It’s rare, but when opera gets it right, everything - music, visuals, words and acting – comes together and carries you through the story from start to finish, thoughts and feelings together. The problem is, when it does happen it’s too much to take in. So I left Holland Park wanting to hear all the music again in a darkened room, and not miss anything.
Starting in daylight and ending in darkness is inevitable when your auditorium is a tent. But it works well for Janacek’s piece, which begins with a young engineer, Kudrjas, singing joyfully beside the river Volga about how much joy it gives him. But cheerful Lenin lookalike Kudrjas is soon interrupted by an ugly scene between old man Dikoj and his young nephew Boris, followed by a convenient outpouring of Boris’s troubles: an orphan, he has to be nice to his uncle or he’ll inherit nothing and nor will his sister. And on top of everything else, he’s fallen in love with a married woman. Here she comes now.
And, though all that passes between Boris and Kat’a is a look, it has the intensity of repressed and forbidden feeling. From here on the impetuous, emotional Kat’a is on a road to disaster, as her free spirit batters itself against her oppressive mother-in-law Kabanicha and the backing of polite society. The whole stage is a narrow cross of walkways between open water and reeds. The tight circle of the house has wire mesh walls, more of a cage than a refuge. So there’s no room to avoid meeting somebody, just one crossroads at which to decide your course. When Kat’a and Boris finally, inevitably, pursue their love affair, they simply step off the walkway into the blue.
In fact, this production begins with our first glimpse of Kat’a, like a caged animal in the wire-mesh ring of her home, hemmed in and then hunted out by the chorus of respectable citizens over the overture. I’m not sure this was necessary. It is opera, after all, so surely nobody was expecting a happy ending for our eponymous heroine? The atmosphere of dread in the music would have been enough.
Janacek wrote this opera a few years after the Russian Revolution of 1917, eyeing it in excitement from newly independent Czechoslovakia, but it is based on an earlier play by the Russian Ostrovsky. So its world is already a past where husbands give their wives strict instructions not to look out of the window while they’re away on business, and religion is the only outlet for a girl’s longing to transcend her situation. Kat’a’s downfall is not that she strays from a stultifying marriage, but that her sense of sin drives her to a public confession.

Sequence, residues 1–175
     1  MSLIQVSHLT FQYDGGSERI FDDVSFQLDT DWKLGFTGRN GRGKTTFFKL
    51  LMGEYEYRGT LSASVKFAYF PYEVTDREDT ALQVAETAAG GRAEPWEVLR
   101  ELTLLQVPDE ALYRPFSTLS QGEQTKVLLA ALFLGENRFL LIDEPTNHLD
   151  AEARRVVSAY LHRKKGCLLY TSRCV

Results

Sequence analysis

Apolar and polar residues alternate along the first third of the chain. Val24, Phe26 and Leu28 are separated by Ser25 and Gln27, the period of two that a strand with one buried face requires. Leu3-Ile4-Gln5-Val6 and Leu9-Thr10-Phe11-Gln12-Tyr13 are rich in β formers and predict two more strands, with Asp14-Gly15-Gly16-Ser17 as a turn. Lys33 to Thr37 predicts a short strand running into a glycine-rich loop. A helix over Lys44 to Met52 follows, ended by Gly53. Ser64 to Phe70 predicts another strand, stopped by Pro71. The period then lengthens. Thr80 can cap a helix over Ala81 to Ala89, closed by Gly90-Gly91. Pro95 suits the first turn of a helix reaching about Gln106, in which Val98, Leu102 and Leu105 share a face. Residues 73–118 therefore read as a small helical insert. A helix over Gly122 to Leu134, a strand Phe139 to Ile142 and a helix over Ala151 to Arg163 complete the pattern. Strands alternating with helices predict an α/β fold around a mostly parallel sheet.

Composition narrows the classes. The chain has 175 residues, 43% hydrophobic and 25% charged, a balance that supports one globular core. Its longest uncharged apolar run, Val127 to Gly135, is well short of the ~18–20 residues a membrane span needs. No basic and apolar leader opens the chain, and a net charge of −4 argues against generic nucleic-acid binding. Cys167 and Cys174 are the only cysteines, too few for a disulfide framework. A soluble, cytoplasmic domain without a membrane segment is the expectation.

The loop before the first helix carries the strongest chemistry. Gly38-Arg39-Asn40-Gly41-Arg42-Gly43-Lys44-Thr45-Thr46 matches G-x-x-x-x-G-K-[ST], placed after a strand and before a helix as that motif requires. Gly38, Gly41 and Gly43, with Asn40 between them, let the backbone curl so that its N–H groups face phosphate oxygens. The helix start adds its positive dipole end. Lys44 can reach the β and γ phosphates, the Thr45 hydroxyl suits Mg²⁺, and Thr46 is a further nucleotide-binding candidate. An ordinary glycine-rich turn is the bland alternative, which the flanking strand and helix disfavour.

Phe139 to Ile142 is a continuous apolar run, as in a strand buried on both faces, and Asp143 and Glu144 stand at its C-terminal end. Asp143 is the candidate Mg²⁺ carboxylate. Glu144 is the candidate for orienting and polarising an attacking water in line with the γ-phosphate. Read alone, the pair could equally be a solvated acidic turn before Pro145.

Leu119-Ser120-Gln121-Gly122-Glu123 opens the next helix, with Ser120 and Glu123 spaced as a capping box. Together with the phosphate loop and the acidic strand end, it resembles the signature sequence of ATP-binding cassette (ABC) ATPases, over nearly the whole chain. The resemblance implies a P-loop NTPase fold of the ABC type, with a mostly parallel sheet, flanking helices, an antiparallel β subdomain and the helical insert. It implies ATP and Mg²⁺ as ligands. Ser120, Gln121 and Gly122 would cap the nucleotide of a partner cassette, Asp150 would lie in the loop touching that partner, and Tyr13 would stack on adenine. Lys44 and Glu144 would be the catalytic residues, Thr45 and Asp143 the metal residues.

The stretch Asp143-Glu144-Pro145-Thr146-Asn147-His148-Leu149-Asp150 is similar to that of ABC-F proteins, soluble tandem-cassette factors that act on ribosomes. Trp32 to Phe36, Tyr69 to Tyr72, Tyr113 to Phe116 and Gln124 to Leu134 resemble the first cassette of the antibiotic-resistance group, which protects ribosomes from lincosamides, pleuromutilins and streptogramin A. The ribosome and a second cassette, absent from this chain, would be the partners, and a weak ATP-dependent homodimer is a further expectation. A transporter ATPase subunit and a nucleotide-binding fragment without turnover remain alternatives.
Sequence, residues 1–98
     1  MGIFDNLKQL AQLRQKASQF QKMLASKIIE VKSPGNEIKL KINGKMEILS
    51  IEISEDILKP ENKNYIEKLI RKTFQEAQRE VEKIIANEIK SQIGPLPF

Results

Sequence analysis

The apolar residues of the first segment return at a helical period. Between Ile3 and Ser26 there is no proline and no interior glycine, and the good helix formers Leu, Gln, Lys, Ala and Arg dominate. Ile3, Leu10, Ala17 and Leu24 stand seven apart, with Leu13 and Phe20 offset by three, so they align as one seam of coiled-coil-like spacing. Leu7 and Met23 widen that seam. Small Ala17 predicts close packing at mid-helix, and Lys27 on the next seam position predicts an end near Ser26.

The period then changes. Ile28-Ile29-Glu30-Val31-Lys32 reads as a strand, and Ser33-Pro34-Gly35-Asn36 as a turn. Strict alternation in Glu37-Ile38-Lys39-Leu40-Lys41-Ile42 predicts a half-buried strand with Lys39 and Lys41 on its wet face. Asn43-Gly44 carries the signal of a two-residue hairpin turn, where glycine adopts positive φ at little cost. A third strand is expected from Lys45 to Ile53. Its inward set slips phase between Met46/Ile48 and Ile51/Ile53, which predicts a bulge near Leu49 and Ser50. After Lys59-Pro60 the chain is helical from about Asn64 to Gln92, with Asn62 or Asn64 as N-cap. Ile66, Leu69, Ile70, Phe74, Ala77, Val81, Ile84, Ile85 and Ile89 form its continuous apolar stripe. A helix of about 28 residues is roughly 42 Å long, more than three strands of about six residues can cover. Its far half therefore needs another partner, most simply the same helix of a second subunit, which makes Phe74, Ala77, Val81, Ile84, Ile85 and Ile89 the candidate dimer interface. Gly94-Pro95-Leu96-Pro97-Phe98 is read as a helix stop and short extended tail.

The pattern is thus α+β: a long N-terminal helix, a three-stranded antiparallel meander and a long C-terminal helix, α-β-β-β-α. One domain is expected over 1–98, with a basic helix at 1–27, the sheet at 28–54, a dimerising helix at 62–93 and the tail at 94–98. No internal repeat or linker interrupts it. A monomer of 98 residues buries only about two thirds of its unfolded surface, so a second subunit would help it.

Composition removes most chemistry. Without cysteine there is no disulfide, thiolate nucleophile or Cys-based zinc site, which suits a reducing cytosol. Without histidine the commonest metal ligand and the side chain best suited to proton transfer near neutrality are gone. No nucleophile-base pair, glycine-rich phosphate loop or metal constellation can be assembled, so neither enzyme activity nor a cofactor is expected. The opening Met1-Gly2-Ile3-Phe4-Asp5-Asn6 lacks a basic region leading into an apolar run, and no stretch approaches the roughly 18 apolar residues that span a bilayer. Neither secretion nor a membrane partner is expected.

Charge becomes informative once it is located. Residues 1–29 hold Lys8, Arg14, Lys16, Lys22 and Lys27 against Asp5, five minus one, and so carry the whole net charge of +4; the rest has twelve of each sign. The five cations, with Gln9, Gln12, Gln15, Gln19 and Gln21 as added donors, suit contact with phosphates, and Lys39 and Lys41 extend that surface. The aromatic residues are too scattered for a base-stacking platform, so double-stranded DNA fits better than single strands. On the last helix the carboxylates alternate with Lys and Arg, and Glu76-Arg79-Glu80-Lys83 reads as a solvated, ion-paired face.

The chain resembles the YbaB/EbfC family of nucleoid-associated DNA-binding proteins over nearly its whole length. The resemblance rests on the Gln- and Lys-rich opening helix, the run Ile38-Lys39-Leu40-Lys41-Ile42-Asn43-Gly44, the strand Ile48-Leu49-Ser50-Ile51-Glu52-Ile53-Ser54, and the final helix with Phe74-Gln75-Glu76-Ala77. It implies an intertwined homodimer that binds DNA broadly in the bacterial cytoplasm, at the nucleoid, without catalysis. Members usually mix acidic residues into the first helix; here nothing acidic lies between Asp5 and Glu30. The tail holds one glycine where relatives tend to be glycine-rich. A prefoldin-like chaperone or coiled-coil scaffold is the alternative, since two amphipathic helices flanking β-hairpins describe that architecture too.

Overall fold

But there is also light. As it turns out, it’s not just love of the Volga that makes Kudrjas so joyful. He’s been meeting Vavara, Kat’a’s young sister-in-law, on the sly. They court beside the river using fragments of folk songs, all simple exuberance and not-so-innocent pleasure. It’s a contrast with the bittersweet lyricism of Kat’a and Boris. And comedy runs through the production, from the longsuffering servant’s eloquent face to Kudrjas’ vain attempts to explain lightning and lightning conductors to the people sheltering in church from the storm. Religion in this opera is superstitious as well as repressive.
Getting on for a century old, this piece feels very modern. Partly because the music is neither dusty nor ostentatiously avant-garde, so it hasn’t dated. Partly, too, because it is a classically naturalistic work, in which the details of character and setting show a specific world which is not timeless, but of its time. And again, that means it doesn’t date as quickly as a piece with less sense of history. But it’s also because the ending is not a tidy tragedy. After Kat’a has confessed all and run off into the storm, it’s clearly her job to die and thus atone for her infidelity, them’s the rules from Tristan and Isolde to Alfred Hitchcock. But instead of jumping straight into the river, she gives husband Tichon time to go looking for her and sing about how he still loves her. Then Kudrjas and Vavara meet and decide to run away and start a new life in Moscow, escaping Kabanicha’s tyranny. And as Kat’a finally stands by the water, Boris comes to find her. His uncle is sending him away to Siberia – but he’s a free agent, why doesn’t Kat’a come with him?
Why not indeed? She refuses him, fills her pocket with stones, and fulfils the tragic ending she’s foreseen for herself from the start. But it’s not clear at all that she had no choice. It’s a repressive, backward, spirit-smothering society, but there are possibilities of escape, if you have it in you to take them.
Till 7 August 2009